I think it's interesting that the other major pro sports don't really have an issue with a player winning MVP multiple times. Gretzky won 9, including 8 in a row. Kareem won six, Jordan 5, Russell 5, LeBron 4, Wilt 4. Peyton Manning won 5 and many players won 3 (Favre won 3 in a row). Other than Bonds, no one has won more than 3 MLB MVPs (despite the fact that ONLY MLB gives 2 annual MVP awards). I do notice that Russell was the only one to do it before the mid-60s, so maybe there was a change in the writers' thinking around that time. (Note: in his 4th year, MJ won the scoring title AND defensive Player of the Year--and did NOT win the MVP).
3:16 PM Sep 26th
Didn't Bill make the point some years ago -- maybe in the Win Shares book -- that

-- You couldn't (and voters wouldn't) give the Award to Willie, Mickey, Stan and Ted EVERY YEAR, even if they always deserved it viewed through WS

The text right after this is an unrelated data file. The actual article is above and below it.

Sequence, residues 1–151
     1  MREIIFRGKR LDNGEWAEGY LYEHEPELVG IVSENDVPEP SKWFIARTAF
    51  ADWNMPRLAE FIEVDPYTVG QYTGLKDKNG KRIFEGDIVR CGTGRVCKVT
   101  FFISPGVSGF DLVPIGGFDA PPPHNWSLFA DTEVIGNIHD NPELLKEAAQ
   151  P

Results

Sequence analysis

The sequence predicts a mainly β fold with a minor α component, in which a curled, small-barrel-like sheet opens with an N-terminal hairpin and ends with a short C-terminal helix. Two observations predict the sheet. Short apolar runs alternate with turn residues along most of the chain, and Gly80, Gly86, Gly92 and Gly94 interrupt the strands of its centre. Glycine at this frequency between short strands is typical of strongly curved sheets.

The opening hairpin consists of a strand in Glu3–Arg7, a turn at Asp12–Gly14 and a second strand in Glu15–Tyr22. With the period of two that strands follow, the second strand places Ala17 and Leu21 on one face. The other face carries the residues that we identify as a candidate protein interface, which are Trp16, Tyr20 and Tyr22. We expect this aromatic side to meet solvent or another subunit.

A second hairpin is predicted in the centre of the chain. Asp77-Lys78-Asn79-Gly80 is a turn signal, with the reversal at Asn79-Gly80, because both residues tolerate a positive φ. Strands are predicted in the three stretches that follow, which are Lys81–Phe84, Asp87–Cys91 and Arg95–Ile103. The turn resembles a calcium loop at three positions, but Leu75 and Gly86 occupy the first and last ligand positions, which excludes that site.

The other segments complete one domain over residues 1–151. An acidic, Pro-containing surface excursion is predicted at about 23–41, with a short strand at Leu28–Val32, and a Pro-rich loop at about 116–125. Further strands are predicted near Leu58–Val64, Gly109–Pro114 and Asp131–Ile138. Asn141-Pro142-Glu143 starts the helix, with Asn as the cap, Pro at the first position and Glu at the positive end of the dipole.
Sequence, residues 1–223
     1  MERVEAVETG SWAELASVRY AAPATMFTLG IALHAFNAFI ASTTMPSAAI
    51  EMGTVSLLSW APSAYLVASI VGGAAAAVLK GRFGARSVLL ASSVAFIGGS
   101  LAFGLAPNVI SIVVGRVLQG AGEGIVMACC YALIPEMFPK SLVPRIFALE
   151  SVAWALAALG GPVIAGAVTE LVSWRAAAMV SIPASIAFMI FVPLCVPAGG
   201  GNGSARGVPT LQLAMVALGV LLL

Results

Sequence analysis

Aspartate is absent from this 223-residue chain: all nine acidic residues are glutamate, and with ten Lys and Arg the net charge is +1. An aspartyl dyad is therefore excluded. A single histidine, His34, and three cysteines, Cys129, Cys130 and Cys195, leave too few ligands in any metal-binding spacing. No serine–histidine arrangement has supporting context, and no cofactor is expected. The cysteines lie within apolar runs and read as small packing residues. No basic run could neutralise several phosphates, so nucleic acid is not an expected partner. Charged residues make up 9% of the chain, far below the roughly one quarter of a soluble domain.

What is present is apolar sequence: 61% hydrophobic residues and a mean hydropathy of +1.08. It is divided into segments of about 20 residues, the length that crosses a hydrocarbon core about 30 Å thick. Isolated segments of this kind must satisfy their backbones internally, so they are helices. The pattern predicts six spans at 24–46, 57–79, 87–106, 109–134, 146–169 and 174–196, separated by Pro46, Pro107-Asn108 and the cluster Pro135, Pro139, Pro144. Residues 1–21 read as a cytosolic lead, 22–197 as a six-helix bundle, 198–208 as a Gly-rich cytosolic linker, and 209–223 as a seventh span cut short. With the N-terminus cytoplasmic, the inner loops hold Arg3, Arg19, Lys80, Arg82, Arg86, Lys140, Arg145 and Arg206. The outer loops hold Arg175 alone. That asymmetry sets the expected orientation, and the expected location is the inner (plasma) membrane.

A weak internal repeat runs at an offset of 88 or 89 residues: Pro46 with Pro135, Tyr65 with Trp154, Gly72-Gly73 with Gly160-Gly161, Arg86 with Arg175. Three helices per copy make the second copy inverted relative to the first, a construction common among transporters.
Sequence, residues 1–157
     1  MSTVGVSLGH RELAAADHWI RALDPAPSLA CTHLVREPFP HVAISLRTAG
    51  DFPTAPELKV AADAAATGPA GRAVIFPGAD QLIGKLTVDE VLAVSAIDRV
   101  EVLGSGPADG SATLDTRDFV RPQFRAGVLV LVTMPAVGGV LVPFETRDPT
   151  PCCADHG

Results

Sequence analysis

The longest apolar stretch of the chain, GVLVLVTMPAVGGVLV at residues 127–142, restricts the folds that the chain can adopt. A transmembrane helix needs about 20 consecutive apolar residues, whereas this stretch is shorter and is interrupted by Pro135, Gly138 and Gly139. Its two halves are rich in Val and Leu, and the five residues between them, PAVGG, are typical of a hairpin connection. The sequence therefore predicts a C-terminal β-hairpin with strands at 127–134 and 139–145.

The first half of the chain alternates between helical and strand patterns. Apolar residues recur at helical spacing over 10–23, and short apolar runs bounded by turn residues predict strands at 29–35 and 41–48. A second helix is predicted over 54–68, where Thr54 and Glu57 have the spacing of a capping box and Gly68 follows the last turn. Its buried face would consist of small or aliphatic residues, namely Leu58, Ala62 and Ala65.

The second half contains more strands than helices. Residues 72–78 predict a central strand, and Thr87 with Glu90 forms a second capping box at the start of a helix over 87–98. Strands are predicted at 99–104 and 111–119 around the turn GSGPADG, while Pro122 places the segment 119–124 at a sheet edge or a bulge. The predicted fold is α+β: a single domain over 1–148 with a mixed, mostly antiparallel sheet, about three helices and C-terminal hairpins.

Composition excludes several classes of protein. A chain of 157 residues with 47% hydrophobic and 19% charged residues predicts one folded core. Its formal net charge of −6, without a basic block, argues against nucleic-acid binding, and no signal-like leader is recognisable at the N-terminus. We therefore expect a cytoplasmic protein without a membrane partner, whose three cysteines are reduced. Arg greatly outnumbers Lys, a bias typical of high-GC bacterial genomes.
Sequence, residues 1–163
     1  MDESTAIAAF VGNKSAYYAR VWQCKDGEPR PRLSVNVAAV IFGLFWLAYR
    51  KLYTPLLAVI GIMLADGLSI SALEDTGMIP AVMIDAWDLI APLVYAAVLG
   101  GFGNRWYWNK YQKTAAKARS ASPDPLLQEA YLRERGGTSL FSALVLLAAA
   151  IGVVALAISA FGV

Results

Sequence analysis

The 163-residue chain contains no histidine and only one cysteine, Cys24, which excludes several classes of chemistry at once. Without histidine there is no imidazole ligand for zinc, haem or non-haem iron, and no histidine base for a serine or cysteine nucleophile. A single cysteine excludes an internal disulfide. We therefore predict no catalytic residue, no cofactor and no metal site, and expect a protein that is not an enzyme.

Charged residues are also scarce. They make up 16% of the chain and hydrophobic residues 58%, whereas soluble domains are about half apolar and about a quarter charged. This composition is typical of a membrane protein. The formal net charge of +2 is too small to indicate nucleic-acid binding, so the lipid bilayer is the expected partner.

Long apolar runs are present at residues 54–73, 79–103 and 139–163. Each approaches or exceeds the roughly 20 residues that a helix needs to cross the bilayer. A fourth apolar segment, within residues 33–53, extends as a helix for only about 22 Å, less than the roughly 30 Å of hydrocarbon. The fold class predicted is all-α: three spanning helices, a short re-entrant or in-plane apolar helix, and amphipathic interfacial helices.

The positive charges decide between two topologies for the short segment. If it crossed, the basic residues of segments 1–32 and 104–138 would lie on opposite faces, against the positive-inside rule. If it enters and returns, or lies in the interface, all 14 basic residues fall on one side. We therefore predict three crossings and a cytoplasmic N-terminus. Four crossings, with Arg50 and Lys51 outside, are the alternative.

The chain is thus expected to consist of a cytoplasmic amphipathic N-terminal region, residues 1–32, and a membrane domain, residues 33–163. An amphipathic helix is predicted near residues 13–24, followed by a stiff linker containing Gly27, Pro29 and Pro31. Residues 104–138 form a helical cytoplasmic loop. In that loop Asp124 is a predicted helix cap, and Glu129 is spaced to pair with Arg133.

-- Someone breaking through to a much higher level, and especially for a victorious team, was a likelier bet for winning MVP (e.g. Garvey in 1974, Sandberg in 1984) -- as in "no one expected HIM to do THAT"

That "novelty success" aspect was not part of this discussion -- seems like it should have been.
11:39 PM Sep 25th
Tony, I like the " dogwhistle urbanophobic micro-aggressive tropes, Frank" .... and, of course, perhaps we should not look into this or anything else that it goes against the proscribed 'narrative' (sarc). Of course, the attack that Tony is pimping/faking is often used to shut down any research that is considered, ahem, "off the plantation" or "beyond the Pale" or "off the Reservation", but then even those colorful descriptions will soon be or maybe even now, banned. Hell, I may be banned for using them just now .....
12:21 AM Sep 25th